DNA Breed Origins

What’s this?
Breed colors:
Maltese
Havanese
Yorkshire Terrier
Bichon Frise
Supermutt

Would you like more information? Have you found a lost dog wearing an Embark dog tag? You can contact us at:

Explore by tapping the parents and grandparents.
 
Elwood
Family Tree From Embark PARENTS GRANDPARENTS GREAT GRANDPARENTS Maltese mix Havanese mix Maltese Bichon Frise / Maltese mix Havanese Yorkshire Terrier mix Maltese Maltese Bichon Frise Maltese Havanese Havanese Yorkshire Terrier Yorkshire Terrier mix

Breed Reveal Video

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Our algorithms predict this is the most likely family tree to explain Elwood’s breed mix, but this family tree may not be the only possible one.

Through Elwood’s mitochondrial DNA we can trace his mother’s ancestry back to where dogs and people first became friends. This map helps you visualize the routes that his ancestors took to your home. Their story is described below the map.

Haplogroup

A1d

Haplotype

A247

Map

A1d

Elwood’s Haplogroup

This female lineage can be traced back about 15,000 years to some of the original Central Asian wolves that were domesticated into modern dogs. The early females that represent this lineage were likely taken into Eurasia, where they spread rapidly. As a result, many modern breed and village dogs from the Americas, Africa, through Asia and down into Oceania belong to this group! This widespread lineage is not limited to a select few breeds, but the majority of Rottweilers, Afghan Hounds and Wirehaired Pointing Griffons belong to it. It is also the most common female lineage among Papillons, Samoyeds and Jack Russell Terriers. Considering its occurrence in breeds as diverse as Afghan Hounds and Samoyeds, some of this is likely ancient variation. But because of its presence in many modern European breeds, much of its diversity likely can be attributed to much more recent breeding.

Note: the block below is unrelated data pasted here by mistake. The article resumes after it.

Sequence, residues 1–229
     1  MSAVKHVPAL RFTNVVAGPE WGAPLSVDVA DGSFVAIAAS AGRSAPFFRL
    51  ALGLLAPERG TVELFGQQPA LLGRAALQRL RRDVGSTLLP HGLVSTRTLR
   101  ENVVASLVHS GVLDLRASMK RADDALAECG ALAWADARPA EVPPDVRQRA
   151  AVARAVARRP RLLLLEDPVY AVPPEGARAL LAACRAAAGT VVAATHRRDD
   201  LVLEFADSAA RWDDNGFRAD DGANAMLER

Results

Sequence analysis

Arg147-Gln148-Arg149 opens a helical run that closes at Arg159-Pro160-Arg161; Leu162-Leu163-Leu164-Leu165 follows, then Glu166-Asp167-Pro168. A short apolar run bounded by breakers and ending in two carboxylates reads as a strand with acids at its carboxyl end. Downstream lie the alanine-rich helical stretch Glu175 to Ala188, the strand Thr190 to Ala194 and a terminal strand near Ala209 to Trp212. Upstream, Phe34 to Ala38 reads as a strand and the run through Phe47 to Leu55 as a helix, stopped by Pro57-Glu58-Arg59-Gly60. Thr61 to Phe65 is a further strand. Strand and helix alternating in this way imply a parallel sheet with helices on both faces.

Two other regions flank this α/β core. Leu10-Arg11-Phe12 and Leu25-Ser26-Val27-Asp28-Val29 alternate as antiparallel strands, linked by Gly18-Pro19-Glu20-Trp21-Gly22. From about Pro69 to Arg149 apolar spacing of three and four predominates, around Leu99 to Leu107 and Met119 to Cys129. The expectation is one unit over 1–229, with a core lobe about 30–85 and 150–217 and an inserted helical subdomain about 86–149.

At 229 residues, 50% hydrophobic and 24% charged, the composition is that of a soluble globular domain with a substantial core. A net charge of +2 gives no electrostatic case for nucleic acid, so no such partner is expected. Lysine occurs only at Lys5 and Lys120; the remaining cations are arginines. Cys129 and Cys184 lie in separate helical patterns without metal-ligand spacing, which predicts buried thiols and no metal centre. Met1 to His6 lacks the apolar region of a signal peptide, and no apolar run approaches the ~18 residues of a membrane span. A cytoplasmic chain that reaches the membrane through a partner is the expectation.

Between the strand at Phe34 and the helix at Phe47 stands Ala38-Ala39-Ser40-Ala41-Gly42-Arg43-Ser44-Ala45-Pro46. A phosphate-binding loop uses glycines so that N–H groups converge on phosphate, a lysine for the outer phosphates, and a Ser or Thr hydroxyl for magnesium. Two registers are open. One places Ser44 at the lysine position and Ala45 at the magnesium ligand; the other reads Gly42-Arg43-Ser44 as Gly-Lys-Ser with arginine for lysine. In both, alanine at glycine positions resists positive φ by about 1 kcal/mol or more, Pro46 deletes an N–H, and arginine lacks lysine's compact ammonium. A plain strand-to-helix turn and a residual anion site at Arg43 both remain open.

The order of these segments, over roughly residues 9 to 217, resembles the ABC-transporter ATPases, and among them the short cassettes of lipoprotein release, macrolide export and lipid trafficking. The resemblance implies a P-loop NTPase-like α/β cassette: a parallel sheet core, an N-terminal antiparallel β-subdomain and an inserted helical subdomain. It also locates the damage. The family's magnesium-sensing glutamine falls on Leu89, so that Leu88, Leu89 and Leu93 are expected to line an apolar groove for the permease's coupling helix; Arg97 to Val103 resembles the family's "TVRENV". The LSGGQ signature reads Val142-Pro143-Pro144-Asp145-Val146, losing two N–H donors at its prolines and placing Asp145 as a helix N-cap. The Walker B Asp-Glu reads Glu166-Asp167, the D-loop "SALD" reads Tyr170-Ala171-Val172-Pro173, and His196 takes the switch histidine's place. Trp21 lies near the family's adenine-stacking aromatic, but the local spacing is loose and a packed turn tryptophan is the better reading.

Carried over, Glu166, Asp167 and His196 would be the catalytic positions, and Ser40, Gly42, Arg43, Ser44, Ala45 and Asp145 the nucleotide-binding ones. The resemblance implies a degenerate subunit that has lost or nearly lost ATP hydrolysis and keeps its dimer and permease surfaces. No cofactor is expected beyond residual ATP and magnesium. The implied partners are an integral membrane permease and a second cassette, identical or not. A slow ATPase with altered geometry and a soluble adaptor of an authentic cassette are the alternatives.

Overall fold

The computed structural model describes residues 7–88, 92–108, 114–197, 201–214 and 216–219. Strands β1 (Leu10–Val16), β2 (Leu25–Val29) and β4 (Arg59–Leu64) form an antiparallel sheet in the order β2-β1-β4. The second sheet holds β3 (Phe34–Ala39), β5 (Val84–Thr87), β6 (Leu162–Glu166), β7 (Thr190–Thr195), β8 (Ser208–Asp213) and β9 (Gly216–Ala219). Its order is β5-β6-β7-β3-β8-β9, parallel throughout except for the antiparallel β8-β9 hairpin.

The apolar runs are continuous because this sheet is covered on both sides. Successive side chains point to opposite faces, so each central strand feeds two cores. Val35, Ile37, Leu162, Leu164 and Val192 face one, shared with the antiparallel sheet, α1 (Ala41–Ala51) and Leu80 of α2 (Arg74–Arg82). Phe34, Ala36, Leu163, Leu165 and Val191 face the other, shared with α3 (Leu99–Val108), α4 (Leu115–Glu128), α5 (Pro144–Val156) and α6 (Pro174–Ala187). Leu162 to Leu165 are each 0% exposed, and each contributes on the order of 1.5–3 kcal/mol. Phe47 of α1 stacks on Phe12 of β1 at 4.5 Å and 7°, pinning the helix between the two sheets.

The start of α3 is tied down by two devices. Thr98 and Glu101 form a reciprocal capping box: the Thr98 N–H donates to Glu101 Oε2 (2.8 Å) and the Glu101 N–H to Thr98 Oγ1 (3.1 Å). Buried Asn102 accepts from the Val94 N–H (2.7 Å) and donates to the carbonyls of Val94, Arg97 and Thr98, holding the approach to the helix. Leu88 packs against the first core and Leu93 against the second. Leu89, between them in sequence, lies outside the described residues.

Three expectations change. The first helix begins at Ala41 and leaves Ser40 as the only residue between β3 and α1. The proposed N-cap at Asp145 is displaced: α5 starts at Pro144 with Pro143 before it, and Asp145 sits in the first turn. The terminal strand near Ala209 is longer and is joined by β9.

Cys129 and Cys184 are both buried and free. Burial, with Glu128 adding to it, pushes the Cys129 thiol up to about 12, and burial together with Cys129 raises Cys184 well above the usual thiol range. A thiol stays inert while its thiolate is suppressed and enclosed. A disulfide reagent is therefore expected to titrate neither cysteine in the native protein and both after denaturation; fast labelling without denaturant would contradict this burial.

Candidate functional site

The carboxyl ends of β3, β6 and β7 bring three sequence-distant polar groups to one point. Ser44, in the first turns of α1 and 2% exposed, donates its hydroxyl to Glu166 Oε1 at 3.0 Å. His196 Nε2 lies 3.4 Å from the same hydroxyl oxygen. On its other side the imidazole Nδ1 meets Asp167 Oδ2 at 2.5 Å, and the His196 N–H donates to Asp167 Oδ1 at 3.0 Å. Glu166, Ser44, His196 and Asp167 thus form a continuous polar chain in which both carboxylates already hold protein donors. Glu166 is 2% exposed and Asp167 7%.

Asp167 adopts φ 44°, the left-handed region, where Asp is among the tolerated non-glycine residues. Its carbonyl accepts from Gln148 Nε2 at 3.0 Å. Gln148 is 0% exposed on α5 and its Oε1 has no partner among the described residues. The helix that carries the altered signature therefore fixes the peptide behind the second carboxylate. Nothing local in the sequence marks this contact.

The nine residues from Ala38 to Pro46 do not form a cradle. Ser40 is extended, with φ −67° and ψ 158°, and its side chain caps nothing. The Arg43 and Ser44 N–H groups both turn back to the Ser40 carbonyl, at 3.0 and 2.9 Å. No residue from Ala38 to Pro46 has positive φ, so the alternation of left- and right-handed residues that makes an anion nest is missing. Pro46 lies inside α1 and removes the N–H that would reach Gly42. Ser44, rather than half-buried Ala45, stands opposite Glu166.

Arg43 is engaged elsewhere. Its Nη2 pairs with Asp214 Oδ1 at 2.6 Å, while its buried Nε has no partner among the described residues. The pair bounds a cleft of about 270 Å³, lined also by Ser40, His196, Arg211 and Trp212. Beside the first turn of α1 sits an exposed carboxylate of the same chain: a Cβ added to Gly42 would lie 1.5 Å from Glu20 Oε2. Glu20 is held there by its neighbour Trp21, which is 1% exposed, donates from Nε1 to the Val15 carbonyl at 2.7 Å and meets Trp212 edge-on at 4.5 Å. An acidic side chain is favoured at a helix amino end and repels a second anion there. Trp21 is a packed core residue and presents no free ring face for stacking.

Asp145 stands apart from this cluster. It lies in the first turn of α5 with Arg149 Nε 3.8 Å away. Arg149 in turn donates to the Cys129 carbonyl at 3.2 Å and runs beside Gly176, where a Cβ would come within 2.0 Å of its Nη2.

A247

Elwood’s Haplotype

Part of the large A1d haplogroup, this common haplotype occurs in village dogs all over the world. Among the 32 breeds we have sampled it in, the most common occurrences include Boxers, Labrador Retrievers, and Papillons.